🚀 Kaiti’s Science Lab shoots film canister rockets at Thornton Elementary

KSAT12′s Kaiti Blake, David Sears take science lesson on the road!

Meteorologist Kaiti Blake and David Sears went to Thornton Elementary School in Northside ISD on Wednesday for another live science experiment.

SAN ANTONIO – After doing science experiments in the KSAT News studio for over a year, Kaiti’s Science Lab is now on the road! Meteorologist Kaiti Blake and David Sears went to Thornton Elementary School in Northside ISD on Wednesday for another live science experiment.

Kaiti and David - along with a class full of fifth graders - shot the canister rockets on Wednesday morning. To view the video, click on the player above. To view a preview of the lesson, click on the video below.

Meteorologist Kaiti Blake and David Sears went to Thornton Elementary School in Northside ISD on Wednesday for another live science experiment.

If you’re a teacher or administrator and would like Kaiti & David to visit your school, email Kaiti at: kblake@ksat.com.

Parents and guardians: upload a video of your child performing the activity by clicking here. Send it in and you might see it on GMSA @ 9 a.m.!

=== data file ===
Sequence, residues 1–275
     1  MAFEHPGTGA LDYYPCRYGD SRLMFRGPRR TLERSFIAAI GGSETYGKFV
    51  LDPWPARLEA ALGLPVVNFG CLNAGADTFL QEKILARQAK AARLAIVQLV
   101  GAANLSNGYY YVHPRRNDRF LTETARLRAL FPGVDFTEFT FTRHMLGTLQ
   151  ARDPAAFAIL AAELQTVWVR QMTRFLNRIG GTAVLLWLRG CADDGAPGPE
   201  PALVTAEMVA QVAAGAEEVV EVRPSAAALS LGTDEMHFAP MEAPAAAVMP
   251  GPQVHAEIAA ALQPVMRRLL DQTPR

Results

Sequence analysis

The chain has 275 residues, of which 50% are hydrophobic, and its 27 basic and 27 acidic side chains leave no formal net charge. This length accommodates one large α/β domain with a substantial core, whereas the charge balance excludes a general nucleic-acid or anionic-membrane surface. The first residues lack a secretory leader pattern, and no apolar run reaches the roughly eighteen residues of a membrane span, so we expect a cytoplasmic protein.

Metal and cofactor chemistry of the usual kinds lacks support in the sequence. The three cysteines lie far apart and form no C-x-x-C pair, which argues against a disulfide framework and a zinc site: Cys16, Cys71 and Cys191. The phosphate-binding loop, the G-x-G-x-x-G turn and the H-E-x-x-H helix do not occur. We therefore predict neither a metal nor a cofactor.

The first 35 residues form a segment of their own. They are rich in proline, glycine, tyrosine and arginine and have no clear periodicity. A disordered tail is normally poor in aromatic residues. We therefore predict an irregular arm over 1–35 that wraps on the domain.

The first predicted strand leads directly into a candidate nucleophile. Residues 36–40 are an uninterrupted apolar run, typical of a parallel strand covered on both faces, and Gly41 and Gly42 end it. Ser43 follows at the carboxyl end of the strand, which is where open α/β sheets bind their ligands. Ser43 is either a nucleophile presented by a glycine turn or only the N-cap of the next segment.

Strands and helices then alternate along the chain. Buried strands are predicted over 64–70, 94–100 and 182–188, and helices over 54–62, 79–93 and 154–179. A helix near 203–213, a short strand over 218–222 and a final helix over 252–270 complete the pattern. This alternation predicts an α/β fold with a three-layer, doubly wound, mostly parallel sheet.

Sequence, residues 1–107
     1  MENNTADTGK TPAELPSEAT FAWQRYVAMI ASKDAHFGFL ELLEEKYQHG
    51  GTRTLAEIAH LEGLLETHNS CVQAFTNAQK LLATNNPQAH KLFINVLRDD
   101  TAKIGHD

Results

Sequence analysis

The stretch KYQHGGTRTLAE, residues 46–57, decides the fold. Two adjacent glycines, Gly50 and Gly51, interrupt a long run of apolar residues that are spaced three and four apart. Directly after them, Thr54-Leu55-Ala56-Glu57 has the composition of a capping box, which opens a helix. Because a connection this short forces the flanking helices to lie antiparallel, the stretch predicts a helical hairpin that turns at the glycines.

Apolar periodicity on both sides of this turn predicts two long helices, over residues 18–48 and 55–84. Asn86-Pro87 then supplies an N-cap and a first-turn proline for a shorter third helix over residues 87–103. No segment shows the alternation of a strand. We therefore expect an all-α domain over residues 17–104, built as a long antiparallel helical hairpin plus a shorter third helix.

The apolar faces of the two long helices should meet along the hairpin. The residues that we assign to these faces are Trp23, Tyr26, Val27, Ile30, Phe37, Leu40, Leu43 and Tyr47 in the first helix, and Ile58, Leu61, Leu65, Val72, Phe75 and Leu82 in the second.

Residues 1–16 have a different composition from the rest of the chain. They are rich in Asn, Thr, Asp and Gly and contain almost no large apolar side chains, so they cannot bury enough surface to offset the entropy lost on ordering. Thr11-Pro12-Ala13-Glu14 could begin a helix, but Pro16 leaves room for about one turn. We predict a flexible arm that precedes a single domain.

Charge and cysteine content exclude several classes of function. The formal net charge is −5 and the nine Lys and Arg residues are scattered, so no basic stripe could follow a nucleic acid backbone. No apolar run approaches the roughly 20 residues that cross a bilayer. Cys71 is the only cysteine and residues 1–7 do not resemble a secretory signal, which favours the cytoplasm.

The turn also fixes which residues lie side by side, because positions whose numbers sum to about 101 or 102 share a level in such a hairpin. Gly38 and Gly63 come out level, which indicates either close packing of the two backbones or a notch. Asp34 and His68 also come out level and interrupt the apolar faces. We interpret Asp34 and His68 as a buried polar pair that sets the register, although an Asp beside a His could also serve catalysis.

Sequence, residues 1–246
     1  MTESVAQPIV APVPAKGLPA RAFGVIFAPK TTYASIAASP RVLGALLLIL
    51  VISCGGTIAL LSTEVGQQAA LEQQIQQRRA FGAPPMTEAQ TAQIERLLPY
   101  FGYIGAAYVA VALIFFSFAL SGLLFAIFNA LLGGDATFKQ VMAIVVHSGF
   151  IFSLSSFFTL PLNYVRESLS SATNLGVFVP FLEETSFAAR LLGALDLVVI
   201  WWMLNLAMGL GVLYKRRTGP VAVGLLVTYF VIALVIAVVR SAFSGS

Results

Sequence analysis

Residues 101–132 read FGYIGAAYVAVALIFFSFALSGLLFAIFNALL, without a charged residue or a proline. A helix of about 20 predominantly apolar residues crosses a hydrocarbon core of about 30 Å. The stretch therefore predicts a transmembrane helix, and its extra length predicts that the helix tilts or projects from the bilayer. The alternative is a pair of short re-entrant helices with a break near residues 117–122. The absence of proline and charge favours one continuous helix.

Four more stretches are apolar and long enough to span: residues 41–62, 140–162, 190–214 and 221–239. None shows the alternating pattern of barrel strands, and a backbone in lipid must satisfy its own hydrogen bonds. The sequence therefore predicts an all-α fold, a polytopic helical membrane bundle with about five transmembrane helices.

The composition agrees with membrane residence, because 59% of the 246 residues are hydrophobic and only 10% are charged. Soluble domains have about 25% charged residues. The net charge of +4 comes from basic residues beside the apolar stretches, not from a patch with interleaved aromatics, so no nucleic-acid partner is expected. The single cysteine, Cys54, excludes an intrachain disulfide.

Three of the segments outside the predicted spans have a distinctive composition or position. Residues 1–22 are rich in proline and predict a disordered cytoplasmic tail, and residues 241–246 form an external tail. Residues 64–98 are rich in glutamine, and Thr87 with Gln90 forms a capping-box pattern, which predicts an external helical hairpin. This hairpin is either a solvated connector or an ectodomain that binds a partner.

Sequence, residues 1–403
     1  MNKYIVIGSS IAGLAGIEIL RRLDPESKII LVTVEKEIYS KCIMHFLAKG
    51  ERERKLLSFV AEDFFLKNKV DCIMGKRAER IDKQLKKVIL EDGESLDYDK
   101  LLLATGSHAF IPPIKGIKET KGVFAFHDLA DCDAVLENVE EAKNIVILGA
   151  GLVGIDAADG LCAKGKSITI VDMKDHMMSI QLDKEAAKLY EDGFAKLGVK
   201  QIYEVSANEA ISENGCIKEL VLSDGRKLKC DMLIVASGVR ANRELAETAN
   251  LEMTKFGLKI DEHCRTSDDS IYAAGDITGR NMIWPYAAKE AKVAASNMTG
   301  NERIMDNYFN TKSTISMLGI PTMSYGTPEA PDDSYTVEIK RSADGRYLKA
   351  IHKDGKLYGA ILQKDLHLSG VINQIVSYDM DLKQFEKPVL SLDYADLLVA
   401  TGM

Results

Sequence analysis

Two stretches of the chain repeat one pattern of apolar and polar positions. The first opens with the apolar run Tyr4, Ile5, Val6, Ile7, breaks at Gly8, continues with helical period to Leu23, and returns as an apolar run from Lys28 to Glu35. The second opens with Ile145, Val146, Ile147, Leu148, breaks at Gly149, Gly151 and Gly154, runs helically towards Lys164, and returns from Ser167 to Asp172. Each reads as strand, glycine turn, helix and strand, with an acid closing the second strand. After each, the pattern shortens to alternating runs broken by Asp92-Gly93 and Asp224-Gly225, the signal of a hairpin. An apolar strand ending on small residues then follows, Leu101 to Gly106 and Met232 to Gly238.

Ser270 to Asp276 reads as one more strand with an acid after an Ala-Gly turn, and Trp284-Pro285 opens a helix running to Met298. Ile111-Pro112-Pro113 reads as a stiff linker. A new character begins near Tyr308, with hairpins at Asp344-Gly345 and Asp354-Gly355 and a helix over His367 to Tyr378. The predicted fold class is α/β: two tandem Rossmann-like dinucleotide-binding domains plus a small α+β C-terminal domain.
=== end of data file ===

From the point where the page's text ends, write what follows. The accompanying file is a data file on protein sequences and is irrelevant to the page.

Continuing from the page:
Build a working film canister rocket

Here’s what you’ll need:

  • Empty film canisters or small pill bottles
  • Water
  • Alka-Seltzer

IMPORTANT NOTE: Parental supervision and goggles are extra important for this one, since the canisters are going to shoot up like a rocket!

Procedure/Instructions (from ScienceBob.com)

  • Put on those safety goggles and head outside – no really, when this works, that film canister really flies! If you want to try the indoor version, do not turn the canister upside down in step 5.
  • Break the antacid tablet in half.
  • Remove the lid from the film canister and put a teaspoon (5 ml) of water into the canister. Do the next 2 steps quickly
  • Drop the tablet half into the canister and snap the cap onto the canister (make sure that it snaps on tightly.)
  • Quickly put the canister on the ground CAP SIDE DOWN and STEP BACK at least 2 meters.
  • About 10 seconds later, you will hear a POP! and the film canister will launch into the air!

CAUTION: If it does not launch, wait at least 30 second before examining the canister. Usually the cap is not on tight enough and the build up of gas leaked out.

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About the Authors:

Kaiti Blake is a child weather-geek-turned-meteorologist. 

Ben Spicer is a digital journalist who works the early morning shift for KSAT.